To plan their careers, people should learn to unlearn old skills and relearn new skills multiple times in their 30- 40 years-long careers. This is going to be a key factor that will define success in these times.
Technological advances and pandemic restrictions hastened the move to working from home. Do you see this trend continuing? Why or why not?
We want this trend to continue, but we anticipate a partial reversal in this trend after the pandemic is under control. Humans are wired for ‘going to work.’ Hence, we believe that many people would continue going to an office. In my opinion, the world will reach a midpoint between ‘completely remote’ and ‘traditional office’ immediately after the pandemic. However, as the newer generations enter the workforce, remote work would become a long-term norm.
What societal changes do you foresee as necessary to support the fundamental changes to work?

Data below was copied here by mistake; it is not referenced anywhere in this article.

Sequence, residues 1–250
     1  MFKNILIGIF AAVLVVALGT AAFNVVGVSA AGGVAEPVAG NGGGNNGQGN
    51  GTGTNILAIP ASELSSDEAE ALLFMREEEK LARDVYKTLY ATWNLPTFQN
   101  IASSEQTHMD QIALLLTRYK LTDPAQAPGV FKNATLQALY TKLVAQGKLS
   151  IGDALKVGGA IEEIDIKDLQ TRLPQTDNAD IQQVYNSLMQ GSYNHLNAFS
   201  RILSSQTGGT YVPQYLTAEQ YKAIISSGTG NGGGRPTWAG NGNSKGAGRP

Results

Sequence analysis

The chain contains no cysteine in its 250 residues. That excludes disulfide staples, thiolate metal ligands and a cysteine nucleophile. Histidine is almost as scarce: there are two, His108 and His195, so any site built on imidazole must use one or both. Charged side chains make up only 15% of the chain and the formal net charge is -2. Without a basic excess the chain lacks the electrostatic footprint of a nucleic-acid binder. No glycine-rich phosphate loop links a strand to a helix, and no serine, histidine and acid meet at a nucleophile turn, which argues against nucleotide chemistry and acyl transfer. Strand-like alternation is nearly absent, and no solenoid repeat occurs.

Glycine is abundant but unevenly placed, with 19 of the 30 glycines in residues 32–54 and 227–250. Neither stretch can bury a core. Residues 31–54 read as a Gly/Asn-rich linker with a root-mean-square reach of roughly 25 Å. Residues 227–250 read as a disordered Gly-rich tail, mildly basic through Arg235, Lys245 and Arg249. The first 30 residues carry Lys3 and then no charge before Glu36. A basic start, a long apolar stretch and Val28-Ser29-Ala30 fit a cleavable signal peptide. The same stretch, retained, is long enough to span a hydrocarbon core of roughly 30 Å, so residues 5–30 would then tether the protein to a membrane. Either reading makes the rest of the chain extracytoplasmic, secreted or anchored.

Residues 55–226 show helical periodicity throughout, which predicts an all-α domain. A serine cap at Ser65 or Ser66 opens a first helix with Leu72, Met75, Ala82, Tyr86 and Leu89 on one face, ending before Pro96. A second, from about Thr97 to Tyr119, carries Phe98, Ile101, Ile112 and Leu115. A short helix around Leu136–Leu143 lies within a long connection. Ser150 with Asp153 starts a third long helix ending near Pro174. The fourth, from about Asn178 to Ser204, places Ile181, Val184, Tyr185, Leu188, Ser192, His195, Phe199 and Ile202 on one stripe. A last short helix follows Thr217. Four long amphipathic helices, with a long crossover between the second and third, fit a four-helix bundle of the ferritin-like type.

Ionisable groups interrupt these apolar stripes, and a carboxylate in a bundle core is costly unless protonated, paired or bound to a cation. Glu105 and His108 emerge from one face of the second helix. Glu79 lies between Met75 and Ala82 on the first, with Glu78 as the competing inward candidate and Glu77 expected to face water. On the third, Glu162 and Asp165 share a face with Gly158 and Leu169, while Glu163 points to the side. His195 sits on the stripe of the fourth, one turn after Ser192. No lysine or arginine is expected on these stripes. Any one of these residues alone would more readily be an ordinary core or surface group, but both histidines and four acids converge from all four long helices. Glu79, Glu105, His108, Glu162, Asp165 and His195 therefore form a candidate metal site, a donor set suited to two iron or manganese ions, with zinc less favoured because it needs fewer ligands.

People will need to build permanent home offices ─ hence, slightly bigger apartments and homes to create dedicated office spaces.
Completely virtual friendships with work colleagues will be a reality.
Special cities to support remote workers across the world will emerge.
Cities and countries will compete to acquire the best remote talent from which to choose.
Family ties will become stronger as people spend more time with parents and kids.
What changes do you think will be the most difficult for employers to accept? What changes do you think will be the most difficult for employees to accept?
Employers will find it difficult to accept the decline of the concept of full-time work and the emergence of gig and bandwidth sharing.
A ‘work from anywhere’ culture would be difficult for employers to accept when their workforce does not come to the office every day. The dynamics of productivity and performance have changed. It has changed the recruitment criteria for jobs. Employers now have access to a larger talent pool around the world; they are no longer constrained to a particular geographical location.